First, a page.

Artemisia vulgaris L. - Wormwood, Mugwort
Systematic position.Family Asteraceae, genus Artemisia L.
Biological group.This species is a tap-rooted perennial weed.
Morphology and biology.Rhizome is short and thickened in the upper part. Stem grows up to 160 cm tall and is straight, branchy, costate, usually brownish violet and slightly web-like pubescence. Leaves are deeply pinnatipartite or pinnatisect; deeply incised or dentate along the edges, lanceolate or linear-lanceolate lobes; green, glabrous or slightly web-like pubescence on the upper surface; grayish, densely tomentose underneath. Lower leaves are the largest and reach up to 15 cm in length, up to 11 cm in width. Bracteal leaves integral, linear. Lower ones are petiolar, the other leaves sessile. Inflorescence is calathidium, 3-4 mm long, 1.5-3 mm wide, oval, sessile, collected in dense racemes located on lateral secondary branchlets. Calathidial involucre has a web-like pubescence; its leaflets scarious along the edges; external leaflets scaphoid, with pointed tip; internal ones longer, elliptical. Receptacle is convex, glabrous. Marginal pistillate flowers with narrow, tubular, scarious tridentate corona; disk flowers bisexual; their corona narrow, cup-shaped conic, having five indentations above, reddish-brown. Fruit is achene, 1.2-2.0 x 0.3-0.5 x 0.3-0.4 mm, fusiform, slightly curved, elongate-oval, slightly convex on outer side, indistinctly dihedral on inner side, dark brown, glossy, often having five white longitudinal stripes, with light circular torulus at tip, with rounded rib at base. This plant blossoms in July and produces fruit in August. One plant can produce up to 15 thousand achenes, which sprout from a depth of no more than 3 cm. The minimum temperature for their germination is 2-4°C, the optimum is 22-24°C. In addition to reproducing by seeds, wormwood can propagate vegetatively by developing underground rhizomatous stalks.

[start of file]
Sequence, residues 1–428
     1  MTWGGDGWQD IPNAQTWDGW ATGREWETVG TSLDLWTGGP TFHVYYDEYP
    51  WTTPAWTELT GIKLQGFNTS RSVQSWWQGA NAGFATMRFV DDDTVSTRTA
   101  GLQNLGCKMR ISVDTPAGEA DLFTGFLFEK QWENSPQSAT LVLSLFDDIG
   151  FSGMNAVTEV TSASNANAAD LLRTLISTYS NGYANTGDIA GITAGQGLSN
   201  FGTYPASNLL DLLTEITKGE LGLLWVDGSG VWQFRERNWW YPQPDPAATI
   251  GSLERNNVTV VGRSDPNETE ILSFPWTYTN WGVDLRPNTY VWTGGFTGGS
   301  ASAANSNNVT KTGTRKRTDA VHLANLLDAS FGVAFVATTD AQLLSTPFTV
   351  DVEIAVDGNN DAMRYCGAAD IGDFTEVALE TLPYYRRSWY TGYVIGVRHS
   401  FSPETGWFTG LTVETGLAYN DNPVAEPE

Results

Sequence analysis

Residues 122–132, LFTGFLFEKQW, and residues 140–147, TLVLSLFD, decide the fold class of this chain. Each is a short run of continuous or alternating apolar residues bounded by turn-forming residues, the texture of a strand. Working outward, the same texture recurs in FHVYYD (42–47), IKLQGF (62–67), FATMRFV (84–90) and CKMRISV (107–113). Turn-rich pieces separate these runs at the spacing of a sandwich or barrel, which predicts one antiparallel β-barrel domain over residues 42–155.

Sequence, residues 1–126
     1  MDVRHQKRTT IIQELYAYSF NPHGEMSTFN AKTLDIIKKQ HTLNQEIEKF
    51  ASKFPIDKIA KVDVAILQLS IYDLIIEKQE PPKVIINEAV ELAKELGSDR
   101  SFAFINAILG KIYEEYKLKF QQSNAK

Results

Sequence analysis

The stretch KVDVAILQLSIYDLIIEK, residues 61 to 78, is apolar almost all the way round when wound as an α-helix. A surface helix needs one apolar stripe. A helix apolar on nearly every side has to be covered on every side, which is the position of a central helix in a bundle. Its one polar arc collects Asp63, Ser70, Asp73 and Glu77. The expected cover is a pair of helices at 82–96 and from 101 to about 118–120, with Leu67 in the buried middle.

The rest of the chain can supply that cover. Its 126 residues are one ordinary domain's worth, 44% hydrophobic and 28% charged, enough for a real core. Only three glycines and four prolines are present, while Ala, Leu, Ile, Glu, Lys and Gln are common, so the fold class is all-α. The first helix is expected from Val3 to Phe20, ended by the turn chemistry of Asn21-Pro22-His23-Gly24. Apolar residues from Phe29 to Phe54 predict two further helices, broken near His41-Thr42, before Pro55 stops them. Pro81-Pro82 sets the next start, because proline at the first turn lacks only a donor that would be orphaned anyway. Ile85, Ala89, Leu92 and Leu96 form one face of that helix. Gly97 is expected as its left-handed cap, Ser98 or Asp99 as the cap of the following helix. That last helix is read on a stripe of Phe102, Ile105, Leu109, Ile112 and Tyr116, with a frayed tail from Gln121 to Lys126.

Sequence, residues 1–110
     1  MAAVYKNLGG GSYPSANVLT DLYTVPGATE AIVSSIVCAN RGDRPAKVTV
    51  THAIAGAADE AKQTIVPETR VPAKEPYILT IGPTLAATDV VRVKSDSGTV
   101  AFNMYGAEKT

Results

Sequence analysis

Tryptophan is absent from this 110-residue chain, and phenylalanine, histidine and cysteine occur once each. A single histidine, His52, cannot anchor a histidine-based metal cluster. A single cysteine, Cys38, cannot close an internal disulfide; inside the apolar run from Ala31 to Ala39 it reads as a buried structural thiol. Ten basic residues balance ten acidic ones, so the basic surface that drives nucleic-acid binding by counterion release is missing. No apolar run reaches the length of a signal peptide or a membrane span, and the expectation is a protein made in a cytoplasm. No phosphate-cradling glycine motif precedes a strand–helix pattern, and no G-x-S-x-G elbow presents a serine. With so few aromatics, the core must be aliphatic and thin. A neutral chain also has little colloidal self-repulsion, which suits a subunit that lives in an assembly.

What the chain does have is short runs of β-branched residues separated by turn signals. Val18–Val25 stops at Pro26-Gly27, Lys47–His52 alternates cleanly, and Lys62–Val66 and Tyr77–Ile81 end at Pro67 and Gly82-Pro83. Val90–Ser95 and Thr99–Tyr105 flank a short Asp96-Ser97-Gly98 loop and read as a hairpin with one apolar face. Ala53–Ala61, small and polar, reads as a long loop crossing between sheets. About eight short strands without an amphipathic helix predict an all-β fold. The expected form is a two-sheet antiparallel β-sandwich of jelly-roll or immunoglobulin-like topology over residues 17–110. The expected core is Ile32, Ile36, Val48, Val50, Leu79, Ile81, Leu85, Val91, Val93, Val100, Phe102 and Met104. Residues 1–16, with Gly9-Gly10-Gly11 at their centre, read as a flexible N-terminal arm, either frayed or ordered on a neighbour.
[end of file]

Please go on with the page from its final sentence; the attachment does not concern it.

Distribution.Europe, Asia Minor to India, China, Mongolia, Manchuria, Korea, Japan, Java, and North America. In the former USSR, it is distributed throughout the European part, in the Caucasus, Siberia, the Far East, and Central Asia.
Ecology.Wormwood grows among wastelands, along roads, near habitations, along river banks, on recent fallows, in gardens and kitchen gardens. It prefers carbonate, nutrient-rich, clay and sandy soils.
Economic significance.The plant grows among winter and summer grain crops, tilled cultures and perennial grasses. This species is an almost ineradicable weed. Control measures include stubbling, early autumn plowing, crop rotation with bare fallow, mowing on fallow grounds before flowering and use of herbicides if necessary.
Reference citations:Agaev M.G., ed. 1988. Main agricultural weeds in crops of the Leningrad region. Catalogue of VIR world collection. N 468. Leningrad: VIR. 112 p. (In Russian)
Anonymous. 1996. Weeds on sugar beet. Berlin: Hoehst Shering AgrEvo Gmbh. 479 p. (In Russian)
Keller B.A., Lyubimenko V.N., Maltsev A.I., Fedtshenko B.A., Shishkin B.K., Rodzevich R.Yu., Kamenskii K.V., eds. 1935. Weed plants of the USSR. V. 4. Moscow-Leningrad: AN USSR. 414 p. (In Russian)
Nikitin V.V. 1983. Weeds in the flora of the USSR. Leningrad: Nauka. 454 p. (In Russian)
Zakharenko V.A., Zakharenko A.V. 2004. Weed control. Zashchita i karantin rastenii 4: 62-142. (In Russian)